Beside the Seaside: The Revival of Europe’s Seaside Towns

Beside the Seaside: The Revival of Europe’s Seaside Towns

The faded grandeur of Europe’s seaside towns offer major throwback appeal. Arts, culture and a healthy dose of kitsch have fuelled the resurgence of these coastal enclaves.

The article first appeared in Vol. 26: Nostalgia.

glare down the barrel of the lens is cold and scornful, the
children in their swimmers preoccupied by their disconcertingly
green mint ice creams with old- fashioned wafer cones. There are
net curtains and a Formica-topped table. It is one of Martin Parr’s
most iconic photographs, from his mid-1980s series The Last Resort,
and it says everything you need to know about lost British seaside

Shot between 1983 and 1985 in a dilapidated New Brighton – the
seaside resort on the tip of the Wirral, across the Mersey from

– it is the series that would come to define Parr’s
super-saturated career of wry portraits of the mundane. A beauty
pageant; wasted chip trays and crying babies; cigarettes and
sunbathing on concrete beside a dirty excavator – the heyday of
Victorian holidays as faded as the weatherworn paint jobs on tacky
stalls lining the promenade.

When the package holiday boom packed the Union Jack shorts off
to the Costas, the deckchairs and donkeys died out from Morecambe
to Margate, and
you were more likely to see a hanky on the head in Rhodes than in
Rhyl. Poverty crept in and the swathes of empty buildings became
temporary bed and breakfast accommodation for many of the most
troubled. The socioeconomic problems were complex, but the decline
clear – from the late 1990s onward many would have bitten your hand
off for even a return to the Thatcherite Britain documented in The
Last Resort. Does a cascade of two-penny pieces from a coin-pusher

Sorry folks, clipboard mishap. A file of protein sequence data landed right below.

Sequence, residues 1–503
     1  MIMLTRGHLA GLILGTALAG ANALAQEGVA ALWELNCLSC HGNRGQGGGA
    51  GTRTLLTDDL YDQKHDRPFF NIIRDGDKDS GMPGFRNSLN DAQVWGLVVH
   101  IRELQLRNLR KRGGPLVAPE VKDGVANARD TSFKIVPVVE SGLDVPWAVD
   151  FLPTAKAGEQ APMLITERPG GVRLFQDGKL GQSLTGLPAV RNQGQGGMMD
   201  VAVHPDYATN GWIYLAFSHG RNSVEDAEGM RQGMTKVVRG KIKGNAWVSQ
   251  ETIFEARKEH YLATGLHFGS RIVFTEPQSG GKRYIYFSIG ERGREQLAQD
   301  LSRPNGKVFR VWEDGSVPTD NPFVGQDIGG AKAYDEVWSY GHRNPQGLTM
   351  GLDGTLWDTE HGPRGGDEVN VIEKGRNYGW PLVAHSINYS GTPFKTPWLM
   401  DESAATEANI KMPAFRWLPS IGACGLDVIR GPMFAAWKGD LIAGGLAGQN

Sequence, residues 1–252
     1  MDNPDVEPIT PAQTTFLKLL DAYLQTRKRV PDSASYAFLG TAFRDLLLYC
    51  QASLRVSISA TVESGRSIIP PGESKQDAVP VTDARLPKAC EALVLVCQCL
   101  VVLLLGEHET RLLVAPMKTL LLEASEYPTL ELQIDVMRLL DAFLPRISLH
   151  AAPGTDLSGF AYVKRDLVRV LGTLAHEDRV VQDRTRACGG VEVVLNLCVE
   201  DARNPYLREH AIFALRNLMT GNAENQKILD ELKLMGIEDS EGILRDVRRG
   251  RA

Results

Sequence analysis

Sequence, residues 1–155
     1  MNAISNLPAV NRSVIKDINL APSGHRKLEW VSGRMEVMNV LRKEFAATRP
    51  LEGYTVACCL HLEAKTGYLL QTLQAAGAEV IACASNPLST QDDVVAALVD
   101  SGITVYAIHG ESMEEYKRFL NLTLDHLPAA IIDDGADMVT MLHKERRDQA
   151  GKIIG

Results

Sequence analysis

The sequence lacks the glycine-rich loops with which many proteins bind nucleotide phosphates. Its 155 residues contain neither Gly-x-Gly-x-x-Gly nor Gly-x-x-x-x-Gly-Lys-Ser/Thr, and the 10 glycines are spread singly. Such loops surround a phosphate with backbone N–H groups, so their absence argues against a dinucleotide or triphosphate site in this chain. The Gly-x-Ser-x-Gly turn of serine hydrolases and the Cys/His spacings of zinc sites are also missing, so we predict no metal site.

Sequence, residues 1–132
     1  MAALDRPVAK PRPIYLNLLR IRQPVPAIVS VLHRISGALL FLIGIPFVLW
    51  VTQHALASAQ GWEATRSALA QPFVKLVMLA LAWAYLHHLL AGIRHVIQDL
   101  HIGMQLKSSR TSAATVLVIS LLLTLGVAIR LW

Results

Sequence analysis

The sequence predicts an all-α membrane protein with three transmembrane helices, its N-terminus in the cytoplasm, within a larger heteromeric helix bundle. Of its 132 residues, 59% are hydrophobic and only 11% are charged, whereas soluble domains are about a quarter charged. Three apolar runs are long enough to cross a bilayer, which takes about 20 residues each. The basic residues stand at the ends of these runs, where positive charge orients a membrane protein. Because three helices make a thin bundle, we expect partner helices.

still make a sound if there’s nobody to hear it?

But still, little evokes a longing for days gone by as potently
as the faded glamour of a seaside town. Even in a state of
dystopia, there’s something irresistible about sticks of rock and
cockles at the end of the pier. It’s this soiled nostalgia that
informed Banksy’s Dismaland “bemusement park”, which brought
150,000 visitors to Weston-super-Mare in the summer of 2015. Some
220 miles almost directly across the country, though, a radical
regeneration project has tapped into that essence of seaside
holidays past, trading Banksy’s doom and gloom for bright lights,
bags of retro and city style.

The second £25m reboot of Margate’s 1920s Dreamland amusement
park opened in 2017 and has already seen Damon Albarn’s Gorillaz
host its own mini-festival. Street-food trucks, a roller disco and
diner, a gastropub and a hip rooftop bar with a barbecue confirm it
as a slice of East London by the sea. It’s not the first cultural
catalyst for regeneration in a town that had slumped into seemingly
terminal decline, however. Dreamland’s revival was predated by the
David Chipperfield-designed Turner Contemporary in 2011, a project
heavily supported by former art world enfant terrible Tracey Emin,
who grew up in the town. Through the arts and entertainment, two
things long associated with Britain’s seaside towns, Margate has
found its feet again. The nostalgia and the kitsch are not lost.
Character is retained, edges softened, and nowhere more evidently
than at The Reading Rooms, a Grade II-listed Georgian
townhouse turned luxury bed and breakfast with lashings of style
and substance. Here the patina of time is juxtaposed with
unrestrained luxury, light years from the net curtains and grandma
carpets of the archetypical seaside B&B.

Kent at large has enjoyed somewhat of a renaissance, with nearby
Ramsgate boasting the handsome Albion House Hotel and Deal home to
The Rose, a remarkable renovation of a rundown, high-street boozer.
Here interior designers Harding & Read, alongside creative
consultancy from Michelle Kelly, have transformed the old pub’s
eight bedrooms with consideration and inventiveness. Vintage
touches like a gaudy old dressing table are paired with bold
colour-blocking and contemporary art, while wicker furniture and
floral headboards meet indie design magazines and luxury bed

Downstairs the kitchen’s output is overseen by executive chef
Rachel O’Sullivan, formerly of London’s lauded Polpo and Spuntino,